The MARS Ocean Observatory Testbed

Why Build a Cabled Observatory?

Cabled observatories are part of the future of ocean science. The ocean is big, dark, cold, and complex. For centuries, oceanographers have dreamed of instruments that would let them see and monitor what was happening in the deep waters of the ocean. MARS is helping to bring that future about.

3-d view of MARS and Monterey Bay
A 3-D perspective of the MARS observatory site on Smooth Ridge, at the edge of Monterey Canyon. MBARI sits at the head of the canyon, about 23 miles away from the MARS site. This deep-water site is close enough to shore so that scientists can install or modify test instruments without spending days or weeks at sea. Image: David Fierstein ©2004 MBARI.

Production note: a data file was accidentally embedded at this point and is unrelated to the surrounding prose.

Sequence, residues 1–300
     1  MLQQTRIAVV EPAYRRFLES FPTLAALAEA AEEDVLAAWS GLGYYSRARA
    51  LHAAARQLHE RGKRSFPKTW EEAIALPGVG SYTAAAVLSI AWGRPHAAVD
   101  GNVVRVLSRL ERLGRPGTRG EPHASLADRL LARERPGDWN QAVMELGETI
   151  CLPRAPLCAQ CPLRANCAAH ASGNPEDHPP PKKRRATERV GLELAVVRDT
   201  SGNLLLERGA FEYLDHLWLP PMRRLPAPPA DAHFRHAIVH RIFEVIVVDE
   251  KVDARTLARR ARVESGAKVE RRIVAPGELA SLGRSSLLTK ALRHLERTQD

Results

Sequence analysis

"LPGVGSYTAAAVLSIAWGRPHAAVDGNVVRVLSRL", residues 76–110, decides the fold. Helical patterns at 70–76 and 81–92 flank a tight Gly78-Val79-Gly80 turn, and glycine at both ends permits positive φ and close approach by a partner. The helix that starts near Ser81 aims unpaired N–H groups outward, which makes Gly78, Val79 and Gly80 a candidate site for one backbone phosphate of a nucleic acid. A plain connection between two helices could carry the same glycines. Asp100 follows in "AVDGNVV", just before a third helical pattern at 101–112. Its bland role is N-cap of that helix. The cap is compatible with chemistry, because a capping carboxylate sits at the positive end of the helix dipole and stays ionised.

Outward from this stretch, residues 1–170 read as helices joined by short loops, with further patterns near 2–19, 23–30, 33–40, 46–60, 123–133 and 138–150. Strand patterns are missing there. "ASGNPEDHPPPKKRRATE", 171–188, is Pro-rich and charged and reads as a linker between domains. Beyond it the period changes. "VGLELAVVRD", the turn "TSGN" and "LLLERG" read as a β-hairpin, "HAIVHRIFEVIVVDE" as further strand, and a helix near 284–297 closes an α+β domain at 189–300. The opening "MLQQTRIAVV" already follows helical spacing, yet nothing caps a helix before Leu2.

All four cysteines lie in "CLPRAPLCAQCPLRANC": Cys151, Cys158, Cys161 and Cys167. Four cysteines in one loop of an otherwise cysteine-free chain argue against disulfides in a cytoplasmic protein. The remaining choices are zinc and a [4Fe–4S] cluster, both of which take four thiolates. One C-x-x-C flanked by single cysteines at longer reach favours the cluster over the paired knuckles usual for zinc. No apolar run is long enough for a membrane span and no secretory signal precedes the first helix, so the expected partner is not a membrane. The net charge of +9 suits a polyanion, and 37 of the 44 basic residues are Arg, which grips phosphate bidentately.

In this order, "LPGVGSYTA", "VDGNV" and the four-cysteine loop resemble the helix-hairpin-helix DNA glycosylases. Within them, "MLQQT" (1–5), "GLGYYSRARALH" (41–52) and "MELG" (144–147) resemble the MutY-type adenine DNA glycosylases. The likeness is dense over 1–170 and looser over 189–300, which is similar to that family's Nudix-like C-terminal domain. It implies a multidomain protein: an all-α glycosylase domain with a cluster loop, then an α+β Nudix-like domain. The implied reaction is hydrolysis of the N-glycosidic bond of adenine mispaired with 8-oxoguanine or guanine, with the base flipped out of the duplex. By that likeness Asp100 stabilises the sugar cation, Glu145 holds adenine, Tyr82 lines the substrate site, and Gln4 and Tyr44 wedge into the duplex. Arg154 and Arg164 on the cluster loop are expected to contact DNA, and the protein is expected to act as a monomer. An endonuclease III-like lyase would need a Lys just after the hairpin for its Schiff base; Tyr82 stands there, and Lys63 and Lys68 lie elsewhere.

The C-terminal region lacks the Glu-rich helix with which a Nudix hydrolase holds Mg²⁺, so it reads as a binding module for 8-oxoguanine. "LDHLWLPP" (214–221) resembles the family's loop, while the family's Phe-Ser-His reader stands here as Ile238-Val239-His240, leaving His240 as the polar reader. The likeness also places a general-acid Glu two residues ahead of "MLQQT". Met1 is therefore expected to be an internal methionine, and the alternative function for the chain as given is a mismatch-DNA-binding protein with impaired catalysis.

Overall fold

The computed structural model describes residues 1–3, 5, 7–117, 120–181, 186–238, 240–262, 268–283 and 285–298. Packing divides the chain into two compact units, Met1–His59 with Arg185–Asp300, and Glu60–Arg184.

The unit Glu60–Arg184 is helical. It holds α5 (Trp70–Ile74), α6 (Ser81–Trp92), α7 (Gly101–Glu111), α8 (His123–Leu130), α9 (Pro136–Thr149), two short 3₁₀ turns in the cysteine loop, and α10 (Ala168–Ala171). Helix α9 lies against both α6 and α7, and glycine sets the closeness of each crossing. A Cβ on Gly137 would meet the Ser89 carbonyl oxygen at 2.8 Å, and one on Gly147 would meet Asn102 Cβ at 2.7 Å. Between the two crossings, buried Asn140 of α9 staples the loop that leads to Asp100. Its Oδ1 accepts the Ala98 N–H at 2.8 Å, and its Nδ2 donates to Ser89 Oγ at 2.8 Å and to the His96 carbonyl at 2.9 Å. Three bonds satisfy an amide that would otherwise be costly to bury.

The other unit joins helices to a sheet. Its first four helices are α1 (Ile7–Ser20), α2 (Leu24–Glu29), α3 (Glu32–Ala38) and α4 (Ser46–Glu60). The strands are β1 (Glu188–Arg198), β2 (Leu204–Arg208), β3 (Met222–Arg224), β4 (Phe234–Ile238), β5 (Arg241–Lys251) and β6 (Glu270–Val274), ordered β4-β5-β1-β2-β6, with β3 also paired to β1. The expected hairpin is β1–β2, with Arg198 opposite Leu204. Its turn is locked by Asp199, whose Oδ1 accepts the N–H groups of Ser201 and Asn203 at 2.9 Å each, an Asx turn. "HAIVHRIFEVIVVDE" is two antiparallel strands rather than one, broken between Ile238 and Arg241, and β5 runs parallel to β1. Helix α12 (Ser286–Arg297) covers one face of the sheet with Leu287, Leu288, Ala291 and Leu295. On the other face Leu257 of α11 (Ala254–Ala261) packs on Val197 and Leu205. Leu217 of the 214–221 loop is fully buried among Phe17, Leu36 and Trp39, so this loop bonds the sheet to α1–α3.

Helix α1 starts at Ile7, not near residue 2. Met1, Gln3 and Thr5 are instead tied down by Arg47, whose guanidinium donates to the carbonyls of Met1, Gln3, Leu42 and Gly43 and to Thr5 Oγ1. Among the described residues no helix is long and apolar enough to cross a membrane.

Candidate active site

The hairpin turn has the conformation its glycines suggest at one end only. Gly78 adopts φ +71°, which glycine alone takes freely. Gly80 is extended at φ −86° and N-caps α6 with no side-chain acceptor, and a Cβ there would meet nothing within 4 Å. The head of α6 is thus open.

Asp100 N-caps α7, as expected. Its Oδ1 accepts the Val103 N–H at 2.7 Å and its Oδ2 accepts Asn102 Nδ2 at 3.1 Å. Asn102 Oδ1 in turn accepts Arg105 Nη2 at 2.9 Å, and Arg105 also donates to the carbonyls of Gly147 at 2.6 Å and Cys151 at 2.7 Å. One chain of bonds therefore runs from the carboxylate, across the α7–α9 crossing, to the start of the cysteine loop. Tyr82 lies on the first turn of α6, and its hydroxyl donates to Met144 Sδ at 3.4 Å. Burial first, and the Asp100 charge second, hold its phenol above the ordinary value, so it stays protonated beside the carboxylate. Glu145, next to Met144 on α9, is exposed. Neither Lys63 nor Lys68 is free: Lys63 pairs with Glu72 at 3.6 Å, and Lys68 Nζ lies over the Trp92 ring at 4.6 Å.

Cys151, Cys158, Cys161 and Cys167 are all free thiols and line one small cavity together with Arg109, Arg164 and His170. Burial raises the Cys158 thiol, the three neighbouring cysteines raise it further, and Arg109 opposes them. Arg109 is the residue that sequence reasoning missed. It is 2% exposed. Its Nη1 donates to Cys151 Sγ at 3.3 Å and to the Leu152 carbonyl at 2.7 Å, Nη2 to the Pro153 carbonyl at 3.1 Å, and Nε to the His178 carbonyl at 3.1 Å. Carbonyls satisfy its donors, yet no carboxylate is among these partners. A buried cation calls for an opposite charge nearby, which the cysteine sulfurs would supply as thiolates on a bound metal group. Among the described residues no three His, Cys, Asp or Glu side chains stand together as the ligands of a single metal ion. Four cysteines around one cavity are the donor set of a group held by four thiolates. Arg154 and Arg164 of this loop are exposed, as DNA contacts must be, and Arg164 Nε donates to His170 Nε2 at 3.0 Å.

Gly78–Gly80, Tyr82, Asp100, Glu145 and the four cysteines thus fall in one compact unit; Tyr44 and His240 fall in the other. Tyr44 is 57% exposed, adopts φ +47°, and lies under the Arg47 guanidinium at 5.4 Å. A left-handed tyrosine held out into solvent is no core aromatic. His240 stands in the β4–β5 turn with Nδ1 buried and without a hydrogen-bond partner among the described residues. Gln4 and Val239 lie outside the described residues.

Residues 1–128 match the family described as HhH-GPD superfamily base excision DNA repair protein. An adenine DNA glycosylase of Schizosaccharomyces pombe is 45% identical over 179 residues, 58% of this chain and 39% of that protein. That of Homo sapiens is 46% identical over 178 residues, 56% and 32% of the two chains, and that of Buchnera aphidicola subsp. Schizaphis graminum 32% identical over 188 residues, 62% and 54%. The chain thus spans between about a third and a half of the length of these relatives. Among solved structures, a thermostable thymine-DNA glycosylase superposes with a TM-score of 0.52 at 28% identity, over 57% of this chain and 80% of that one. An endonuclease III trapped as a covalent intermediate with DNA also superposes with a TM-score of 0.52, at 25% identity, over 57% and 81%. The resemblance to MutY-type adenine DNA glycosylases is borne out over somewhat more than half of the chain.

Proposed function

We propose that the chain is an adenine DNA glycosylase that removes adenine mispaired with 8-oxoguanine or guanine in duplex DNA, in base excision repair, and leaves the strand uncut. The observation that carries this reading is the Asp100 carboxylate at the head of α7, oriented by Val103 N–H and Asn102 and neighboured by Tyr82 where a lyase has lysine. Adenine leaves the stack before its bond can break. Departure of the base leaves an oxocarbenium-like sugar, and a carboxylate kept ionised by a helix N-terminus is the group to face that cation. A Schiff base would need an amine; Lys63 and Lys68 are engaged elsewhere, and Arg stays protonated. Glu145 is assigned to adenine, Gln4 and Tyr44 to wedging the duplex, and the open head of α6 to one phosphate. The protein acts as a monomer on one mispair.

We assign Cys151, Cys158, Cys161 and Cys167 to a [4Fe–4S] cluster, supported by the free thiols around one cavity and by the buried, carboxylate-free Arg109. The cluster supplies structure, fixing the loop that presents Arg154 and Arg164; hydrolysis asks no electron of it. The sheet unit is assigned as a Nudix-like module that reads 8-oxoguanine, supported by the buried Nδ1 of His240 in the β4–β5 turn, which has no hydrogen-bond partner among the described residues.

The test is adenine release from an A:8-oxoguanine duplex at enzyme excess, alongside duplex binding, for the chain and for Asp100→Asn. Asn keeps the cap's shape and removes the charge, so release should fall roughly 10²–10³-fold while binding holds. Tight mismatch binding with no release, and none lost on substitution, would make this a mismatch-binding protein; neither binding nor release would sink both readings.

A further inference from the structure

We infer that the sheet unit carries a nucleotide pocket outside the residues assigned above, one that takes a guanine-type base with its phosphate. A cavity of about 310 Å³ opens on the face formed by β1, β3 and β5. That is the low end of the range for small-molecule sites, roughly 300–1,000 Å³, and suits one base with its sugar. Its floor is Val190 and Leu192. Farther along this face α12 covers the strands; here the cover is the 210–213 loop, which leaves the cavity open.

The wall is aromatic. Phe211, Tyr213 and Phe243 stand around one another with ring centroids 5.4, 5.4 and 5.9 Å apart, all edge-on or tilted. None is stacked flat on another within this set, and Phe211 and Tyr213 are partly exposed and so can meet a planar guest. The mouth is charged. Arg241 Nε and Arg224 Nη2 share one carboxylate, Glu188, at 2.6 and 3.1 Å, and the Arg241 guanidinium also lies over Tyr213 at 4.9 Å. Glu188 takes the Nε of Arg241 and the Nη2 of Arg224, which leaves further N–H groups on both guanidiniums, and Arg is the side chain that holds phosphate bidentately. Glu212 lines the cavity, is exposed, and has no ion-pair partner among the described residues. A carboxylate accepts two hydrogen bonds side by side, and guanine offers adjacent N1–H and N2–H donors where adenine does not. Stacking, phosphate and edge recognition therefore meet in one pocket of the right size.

Conventional seafloor sensors are cut off from the surface, so they have to run on batteries and store their own data. Scientists don't even know if their instruments are working properly until they try to recover their equipment at the end of an experiment. Using a cabled observatory, scientists can see their experimental results every day, change their sampling routines at will, and keep their instruments running indefinitely.

MARS is a proving ground for instruments of the future. Scientists and engineers working on MARS have the freedom to design power-hungry sensors for future ocean observatories that may span entire geologic plates. As they test brand-new technologies or sampling programs, the data connection lets them know immediately how things are going. If there are any surprises, a maintenance ship and ROV can get to MARS in only a couple of hours. There's no better place to try out new equipment.


Last updated: Oct. 08, 2009